Central Air Conditioning Types

There are three main types of HVAC systems to choose from: central air conditioning packaged central air systems, split air conditioners, and heat pumps. 

Packaged Central Air Systems

Packaged central air systems are more compact because the three main parts of the AC unit (condensing unit, evaporator coil, air handler) are all housed in the same box. This is not as efficient as the other two types of air conditioning units, but they work well for homes where there may not be enough space for a bigger unit. They usually cost between $1,800 and $3,000 and are generally uncommon in residential settings. 

The Different Types of Central Air Conditioning

The Different Types of Central Air Conditioning

Split Air Conditioners

Split air conditioning systems are the traditional central AC unit that you see in many homes today. You can easily tell that a home has a split air conditioning system because it will have a big metal box sitting in the yard which whirs up every now and then. This is the condenser, and it is separate from the evaporator coil and air handler which usually sit indoors or in a garage. This distance between its parts is why this system is considered ‘split’, and its design brings many benefits. 

Because the condenser is outside, this system is much quieter than other AC units and is also more efficient. Split ACs are quite easy to install and maintain since every component is easily accessible. Since the average price for one of these systems ranges between $1,400 and $1,700, they’re also quite affordable.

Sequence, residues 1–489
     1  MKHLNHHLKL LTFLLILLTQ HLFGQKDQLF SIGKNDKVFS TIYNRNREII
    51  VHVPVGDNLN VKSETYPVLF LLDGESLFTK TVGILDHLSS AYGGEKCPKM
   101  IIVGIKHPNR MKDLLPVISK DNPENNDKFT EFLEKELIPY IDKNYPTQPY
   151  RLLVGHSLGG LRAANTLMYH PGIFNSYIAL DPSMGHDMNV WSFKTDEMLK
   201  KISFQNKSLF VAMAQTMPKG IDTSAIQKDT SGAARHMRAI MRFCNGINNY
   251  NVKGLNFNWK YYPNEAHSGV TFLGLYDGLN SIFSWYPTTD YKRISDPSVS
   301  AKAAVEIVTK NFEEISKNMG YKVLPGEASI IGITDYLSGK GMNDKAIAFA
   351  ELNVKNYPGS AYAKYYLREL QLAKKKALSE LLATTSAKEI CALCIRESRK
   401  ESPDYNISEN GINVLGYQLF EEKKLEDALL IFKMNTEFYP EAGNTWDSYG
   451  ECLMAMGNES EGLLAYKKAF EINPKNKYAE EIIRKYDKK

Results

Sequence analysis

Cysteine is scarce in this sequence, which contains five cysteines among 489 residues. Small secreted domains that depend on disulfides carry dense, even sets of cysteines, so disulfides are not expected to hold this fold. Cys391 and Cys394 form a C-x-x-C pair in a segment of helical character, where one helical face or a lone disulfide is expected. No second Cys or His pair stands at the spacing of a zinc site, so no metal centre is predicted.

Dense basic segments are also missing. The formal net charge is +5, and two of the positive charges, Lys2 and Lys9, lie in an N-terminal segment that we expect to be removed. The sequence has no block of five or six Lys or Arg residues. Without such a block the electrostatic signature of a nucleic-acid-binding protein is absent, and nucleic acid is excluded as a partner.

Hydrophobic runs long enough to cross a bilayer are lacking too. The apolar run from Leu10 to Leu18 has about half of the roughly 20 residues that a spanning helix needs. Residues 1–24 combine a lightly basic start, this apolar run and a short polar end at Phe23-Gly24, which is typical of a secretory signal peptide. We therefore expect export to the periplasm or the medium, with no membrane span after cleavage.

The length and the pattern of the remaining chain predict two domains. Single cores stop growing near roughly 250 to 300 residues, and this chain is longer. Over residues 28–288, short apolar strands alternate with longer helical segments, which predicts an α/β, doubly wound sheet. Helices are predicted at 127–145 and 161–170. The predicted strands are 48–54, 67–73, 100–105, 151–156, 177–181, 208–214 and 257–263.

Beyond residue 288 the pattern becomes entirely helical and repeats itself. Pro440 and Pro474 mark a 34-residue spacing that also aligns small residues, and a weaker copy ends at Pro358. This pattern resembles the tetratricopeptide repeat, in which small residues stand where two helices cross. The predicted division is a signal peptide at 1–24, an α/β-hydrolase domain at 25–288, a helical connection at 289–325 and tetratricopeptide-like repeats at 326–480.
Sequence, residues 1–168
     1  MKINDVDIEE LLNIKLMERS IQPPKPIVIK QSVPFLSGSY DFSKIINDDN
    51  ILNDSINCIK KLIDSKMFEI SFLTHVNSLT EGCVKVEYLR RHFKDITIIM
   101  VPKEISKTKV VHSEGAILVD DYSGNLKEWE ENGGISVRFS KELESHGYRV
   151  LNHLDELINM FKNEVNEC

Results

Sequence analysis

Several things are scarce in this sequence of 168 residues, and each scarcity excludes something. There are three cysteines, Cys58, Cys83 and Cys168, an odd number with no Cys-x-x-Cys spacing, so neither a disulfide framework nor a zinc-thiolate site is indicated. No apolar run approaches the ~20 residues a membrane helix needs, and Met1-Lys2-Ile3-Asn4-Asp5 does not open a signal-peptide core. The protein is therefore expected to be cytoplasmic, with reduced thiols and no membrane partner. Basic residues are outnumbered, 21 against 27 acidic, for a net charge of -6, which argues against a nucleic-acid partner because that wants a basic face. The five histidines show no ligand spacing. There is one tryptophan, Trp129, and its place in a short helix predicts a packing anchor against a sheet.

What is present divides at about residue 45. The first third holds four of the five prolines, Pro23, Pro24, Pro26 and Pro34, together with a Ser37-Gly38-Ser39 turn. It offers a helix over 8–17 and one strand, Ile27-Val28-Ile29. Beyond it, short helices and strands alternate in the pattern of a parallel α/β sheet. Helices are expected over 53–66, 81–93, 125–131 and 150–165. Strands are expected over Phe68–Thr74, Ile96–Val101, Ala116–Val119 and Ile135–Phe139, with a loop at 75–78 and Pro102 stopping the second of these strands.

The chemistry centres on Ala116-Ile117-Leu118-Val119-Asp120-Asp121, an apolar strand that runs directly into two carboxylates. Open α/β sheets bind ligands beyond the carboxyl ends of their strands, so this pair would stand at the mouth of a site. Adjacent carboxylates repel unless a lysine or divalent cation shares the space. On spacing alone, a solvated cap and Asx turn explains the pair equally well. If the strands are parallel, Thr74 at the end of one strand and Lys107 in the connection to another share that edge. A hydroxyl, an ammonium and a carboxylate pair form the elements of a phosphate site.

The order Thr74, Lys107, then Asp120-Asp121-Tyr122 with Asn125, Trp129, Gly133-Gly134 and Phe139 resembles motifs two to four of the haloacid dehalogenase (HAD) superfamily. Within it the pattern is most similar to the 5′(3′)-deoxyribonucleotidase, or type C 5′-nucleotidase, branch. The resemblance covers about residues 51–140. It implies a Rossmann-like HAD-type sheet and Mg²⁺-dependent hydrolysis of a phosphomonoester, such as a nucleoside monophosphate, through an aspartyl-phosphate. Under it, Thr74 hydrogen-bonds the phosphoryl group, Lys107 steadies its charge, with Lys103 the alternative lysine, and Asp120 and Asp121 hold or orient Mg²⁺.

The Benefits of Split Air Conditioning Systems

The Benefits of Split Air Conditioning Systems

Heat Pumps

If you live in an area where the summers aren’t too hot but the winters are pretty chilly, a heat pump just might be the best option. As the name suggests, a heat pump is good at moving heat. This means that during the summer it can suck the heat out of your home to keep it cool. During the cold of winter, your heat pump can work efficiently with a gas furnace to pump heat into your home, keeping everything toasty warm. This is one of the pricier central AC types, ranging between $3,200 and $3,700 to buy.  

Why It's Worth Investing In a Heat Pump

Why It's Worth Investing In a Heat Pump

Is It Worth The Cost? 

While you may not recoup the entire cost of installation, a good central air conditioning system can increase your home’s value. In the hottest parts of the country, a central AC unit can be a lifesaver, especially during heatwaves. Of course, if you don’t want to foot the bill for a central air conditioner and you live in a part of the country that isn’t as hot, you might be able to make do with a small window air conditioner or even a portable AC unit. There are plenty of ways to keep a house cool, the air circulated, and everyone comfortable, but the central AC system is the most powerful solution.  

CT

Written by
Contractors.com Team

Written by Contractors.com Team